Habitat Value of our Gardens
By Nancy Bauer
Of all the many reasons to plant California natives in our gardens – for creating a sense of place, for their beauty and adaptability, for their drought tolerant qualities, and certainly for increasing biodiversity – their ability to help save our ecosystems and the bird and insect species that depend on them is, for me, the single most important reason to grow native plants. Our suburban, urban, and rural gardens are fast becoming a last refuge for many wildlife species, such as songbirds, butterflies, bees, toads, frogs and other beneficial creatures, that have lost habitat due to human development. In some cases, cultivated gardens that offer a rich diversity of native plants may offer more resources, such as foraging opportunities for birds and other wildlife, than surrounding degraded wild lands.
Why do we need insects? They are the very foundation of all other life.
Bumblebee on Cleveland sage (Salvia clevelandii). Photo: Mieko WatkinsWe can no longer rely solely on protected wilderness areas in this country; they are a very small percentage of all available land (not modified for agriculture or converted to urban and suburban development), and they have become isolated islands of habitat that no longer contain enough native plants to sustain wildlife. In his highly regarded book, Bringing Nature Home, Douglas Tallamy gives notice: “Habitat islands can only protect a tiny fraction of the species that once thrived in North America. If we are to succeed in recreating enough biodiversity to sustain at least some of our wildlife species, it will be the widespread planting of native plants.” Our native plants, which co-evolved with our local wildlife, provide shelter, nest sites, food and nectar through the seasons. Rufus and Allen’s hummingbirds, for example, time their migration to the bloom periods of native monkeyflower (Mimulus) as they head north and the California fuchsia (Epilobium canum) as they head south in late summer. Over 300 species of wildlife use our native oak woodlands (Quercus) for food, shelter, and nest sites; over 5,000 insects are part of this web of life, including 7 species of butterflies. Our native milkweeds (Asclepias) are not only caterpillar food plants for the Monarch butterfly, they also serve as a nectar source for butterflies and other large insects. They provide seeds for small mammals and birds, seed silk for nesting materials. Ladybird beetles and the larvae of lacewings and other beneficial insects hunt the orange oleander aphids associated with milkweeds. Two species of beetles and two species of true bugs are milkweed specialists.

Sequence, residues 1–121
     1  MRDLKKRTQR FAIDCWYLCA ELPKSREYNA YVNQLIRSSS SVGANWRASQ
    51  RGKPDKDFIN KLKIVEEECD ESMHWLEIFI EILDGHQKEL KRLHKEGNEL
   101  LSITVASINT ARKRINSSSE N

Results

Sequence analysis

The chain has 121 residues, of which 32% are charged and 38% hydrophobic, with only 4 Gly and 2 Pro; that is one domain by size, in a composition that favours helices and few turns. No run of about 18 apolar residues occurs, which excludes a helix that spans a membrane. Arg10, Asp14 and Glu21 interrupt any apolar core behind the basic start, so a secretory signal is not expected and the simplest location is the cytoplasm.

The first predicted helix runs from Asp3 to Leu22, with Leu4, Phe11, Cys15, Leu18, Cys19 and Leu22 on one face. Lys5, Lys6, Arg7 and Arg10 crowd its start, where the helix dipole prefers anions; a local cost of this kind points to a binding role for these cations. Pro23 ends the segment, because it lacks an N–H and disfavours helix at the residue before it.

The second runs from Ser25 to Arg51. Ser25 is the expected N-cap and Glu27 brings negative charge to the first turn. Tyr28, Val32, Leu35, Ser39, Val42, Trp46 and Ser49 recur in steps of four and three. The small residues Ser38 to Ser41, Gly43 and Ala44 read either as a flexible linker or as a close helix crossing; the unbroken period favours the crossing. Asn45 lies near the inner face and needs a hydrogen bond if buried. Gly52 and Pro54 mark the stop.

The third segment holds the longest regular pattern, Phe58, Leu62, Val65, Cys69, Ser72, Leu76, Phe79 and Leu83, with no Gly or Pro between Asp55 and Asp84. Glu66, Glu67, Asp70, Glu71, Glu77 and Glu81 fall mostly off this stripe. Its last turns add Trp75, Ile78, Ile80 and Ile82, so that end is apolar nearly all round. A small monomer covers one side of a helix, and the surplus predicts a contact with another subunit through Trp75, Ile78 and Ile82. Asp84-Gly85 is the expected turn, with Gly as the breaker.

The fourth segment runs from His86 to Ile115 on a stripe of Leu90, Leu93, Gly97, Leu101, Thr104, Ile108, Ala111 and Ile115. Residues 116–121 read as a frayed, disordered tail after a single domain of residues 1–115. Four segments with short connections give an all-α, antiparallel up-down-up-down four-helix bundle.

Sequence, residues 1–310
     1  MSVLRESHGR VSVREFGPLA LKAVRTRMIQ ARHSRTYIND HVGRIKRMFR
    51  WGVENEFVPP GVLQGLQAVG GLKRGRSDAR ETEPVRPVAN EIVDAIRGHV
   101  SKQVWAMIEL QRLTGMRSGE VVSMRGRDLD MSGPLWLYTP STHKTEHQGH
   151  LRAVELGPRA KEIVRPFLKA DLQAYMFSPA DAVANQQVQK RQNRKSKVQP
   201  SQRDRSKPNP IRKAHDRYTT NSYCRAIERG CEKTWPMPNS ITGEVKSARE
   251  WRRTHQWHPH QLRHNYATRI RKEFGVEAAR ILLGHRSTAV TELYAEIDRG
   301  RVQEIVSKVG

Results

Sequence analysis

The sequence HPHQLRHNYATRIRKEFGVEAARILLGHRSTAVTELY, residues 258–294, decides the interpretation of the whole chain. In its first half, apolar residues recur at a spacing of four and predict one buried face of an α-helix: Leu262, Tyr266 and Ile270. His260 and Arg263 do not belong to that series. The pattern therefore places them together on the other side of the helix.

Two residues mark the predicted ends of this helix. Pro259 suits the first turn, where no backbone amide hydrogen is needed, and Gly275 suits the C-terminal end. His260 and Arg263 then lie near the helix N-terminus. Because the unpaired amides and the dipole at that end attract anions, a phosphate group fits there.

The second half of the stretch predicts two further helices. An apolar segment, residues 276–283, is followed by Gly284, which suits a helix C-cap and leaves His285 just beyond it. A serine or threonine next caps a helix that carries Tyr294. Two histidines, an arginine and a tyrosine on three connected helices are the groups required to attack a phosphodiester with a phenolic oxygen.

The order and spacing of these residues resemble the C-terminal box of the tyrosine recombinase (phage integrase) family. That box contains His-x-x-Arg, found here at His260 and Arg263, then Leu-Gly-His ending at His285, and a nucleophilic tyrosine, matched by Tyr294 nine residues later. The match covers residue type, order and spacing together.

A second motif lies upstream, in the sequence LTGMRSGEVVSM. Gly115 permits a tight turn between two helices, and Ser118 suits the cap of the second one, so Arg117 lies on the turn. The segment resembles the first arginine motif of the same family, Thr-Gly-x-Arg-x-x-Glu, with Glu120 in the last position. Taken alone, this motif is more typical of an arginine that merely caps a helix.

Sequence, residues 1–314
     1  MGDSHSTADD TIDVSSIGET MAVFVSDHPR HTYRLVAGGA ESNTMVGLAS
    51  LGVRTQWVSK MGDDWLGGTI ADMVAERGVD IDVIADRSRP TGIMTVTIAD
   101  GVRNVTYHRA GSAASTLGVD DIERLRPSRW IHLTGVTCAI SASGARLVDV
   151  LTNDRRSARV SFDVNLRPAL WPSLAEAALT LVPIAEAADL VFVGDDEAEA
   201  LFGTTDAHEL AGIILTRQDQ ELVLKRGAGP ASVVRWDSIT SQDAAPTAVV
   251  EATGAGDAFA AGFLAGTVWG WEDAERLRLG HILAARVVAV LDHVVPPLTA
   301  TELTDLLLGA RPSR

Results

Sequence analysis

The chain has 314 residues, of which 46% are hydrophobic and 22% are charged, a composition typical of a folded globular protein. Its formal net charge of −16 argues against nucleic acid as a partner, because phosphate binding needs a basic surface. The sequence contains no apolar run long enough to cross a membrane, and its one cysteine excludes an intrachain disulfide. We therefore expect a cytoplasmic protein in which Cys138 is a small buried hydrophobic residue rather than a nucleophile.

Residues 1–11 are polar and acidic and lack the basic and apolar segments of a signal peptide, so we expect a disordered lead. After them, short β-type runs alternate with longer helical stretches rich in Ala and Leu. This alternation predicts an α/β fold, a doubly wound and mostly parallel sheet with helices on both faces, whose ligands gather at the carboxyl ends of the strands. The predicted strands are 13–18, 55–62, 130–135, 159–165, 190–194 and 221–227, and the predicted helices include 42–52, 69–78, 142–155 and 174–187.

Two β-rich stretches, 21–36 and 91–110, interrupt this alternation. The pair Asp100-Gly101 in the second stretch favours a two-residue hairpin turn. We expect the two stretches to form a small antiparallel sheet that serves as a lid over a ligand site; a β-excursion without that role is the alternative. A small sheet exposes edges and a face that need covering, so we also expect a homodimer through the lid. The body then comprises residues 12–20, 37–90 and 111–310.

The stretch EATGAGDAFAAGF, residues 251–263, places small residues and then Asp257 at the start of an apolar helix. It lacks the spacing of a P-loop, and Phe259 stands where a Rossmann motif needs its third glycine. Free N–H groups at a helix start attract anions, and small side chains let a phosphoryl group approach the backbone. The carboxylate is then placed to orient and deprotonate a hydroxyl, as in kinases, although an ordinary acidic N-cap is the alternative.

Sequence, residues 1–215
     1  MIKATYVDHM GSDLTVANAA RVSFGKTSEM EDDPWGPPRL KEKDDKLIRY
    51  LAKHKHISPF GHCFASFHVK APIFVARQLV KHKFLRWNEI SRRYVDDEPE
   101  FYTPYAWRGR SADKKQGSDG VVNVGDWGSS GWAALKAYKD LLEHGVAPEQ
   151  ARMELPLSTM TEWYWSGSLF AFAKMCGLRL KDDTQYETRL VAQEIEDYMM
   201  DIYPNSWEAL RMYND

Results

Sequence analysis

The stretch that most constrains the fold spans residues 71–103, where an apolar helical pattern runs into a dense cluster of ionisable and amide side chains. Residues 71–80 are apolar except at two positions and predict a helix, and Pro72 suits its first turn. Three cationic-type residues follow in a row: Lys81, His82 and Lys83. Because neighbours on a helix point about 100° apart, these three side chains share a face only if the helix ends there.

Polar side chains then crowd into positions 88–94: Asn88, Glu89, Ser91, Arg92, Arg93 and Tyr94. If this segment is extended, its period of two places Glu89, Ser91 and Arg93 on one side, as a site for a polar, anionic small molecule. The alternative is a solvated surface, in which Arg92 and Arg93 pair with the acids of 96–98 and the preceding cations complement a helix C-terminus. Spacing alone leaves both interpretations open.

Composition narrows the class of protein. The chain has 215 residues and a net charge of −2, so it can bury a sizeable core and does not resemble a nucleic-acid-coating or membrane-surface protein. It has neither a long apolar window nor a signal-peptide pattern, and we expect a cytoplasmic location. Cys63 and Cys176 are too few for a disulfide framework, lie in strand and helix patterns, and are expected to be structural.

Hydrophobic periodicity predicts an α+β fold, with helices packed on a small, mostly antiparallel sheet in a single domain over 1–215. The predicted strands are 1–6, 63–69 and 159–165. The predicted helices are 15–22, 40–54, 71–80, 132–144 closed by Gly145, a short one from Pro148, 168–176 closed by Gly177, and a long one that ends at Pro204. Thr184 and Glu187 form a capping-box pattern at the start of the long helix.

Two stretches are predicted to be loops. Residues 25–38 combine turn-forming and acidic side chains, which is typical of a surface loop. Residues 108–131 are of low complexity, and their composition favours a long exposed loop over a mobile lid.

Tallamy discovered in his own garden and through extensive research that many of our native insects “cannot or will not use alien plants.” Why do we need insects? They are the very foundation of all other life. They pollinate our plants, they clean up excess plant debris, they are food for insect predators – other insects, garden spiders, lizards, and other beneficial creatures. They are essential food for our number one insect predator, birds! Many bird species feed primarily on insects, and virtually all bird species need insects to feed their young. “So many animals depend partially or entirely on insect protein for food,” Tallamy points out, “that a land without insects is a land without most forms of higher life.”